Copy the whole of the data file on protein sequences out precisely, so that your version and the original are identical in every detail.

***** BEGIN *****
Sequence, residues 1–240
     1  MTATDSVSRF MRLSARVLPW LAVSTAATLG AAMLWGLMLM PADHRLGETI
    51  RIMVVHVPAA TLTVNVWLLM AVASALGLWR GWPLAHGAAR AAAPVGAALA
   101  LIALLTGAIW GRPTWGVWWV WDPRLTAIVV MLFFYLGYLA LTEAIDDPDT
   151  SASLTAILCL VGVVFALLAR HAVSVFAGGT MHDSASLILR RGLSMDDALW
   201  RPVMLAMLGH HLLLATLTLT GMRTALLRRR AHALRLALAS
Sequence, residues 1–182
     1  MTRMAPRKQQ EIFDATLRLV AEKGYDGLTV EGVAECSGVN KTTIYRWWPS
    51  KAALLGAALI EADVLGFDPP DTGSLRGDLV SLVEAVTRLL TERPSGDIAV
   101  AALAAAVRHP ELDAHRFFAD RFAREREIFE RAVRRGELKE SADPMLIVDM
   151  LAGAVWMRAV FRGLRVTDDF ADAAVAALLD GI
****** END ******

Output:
Sequence, residues 1–240
     1  MTATDSVSRF MRLSARVLPW LAVSTAATLG AAMLWGLMLM PADHRLGETI
    51  RIMVVHVPAA TLTVNVWLLM AVASALGLWR GWPLAHGAAR AAAPVGAALA
   101  LIALLTGAIW GRPTWGVWWV WDPRLTAIVV MLFFYLGYLA LTEAIDDPDT
   151  SASLTAILCL VGVVFALLAR HAVSVFAGGT MHDSASLILR RGLSMDDALW
   201  RPVMLAMLGH HLLLATLTLT GMRTALLRRR AHALRLALAS
Sequence, residues 1–182
     1  MTRMAPRKQQ EIFDATLRLV AEKGYDGLTV EGVAECSGVN KTTIYRWWPS
    51  KAALLGAALI EADVLGFDPP DTGSLRGDLV SLVEAVTRLL TERPSGDIAV
   101  AALAAAVRHP ELDAHRFFAD RFAREREIFE RAVRRGELKE SADPMLIVDM
   151  LAGAVWMRAV FRGLRVTDDF ADAAVAALLD GI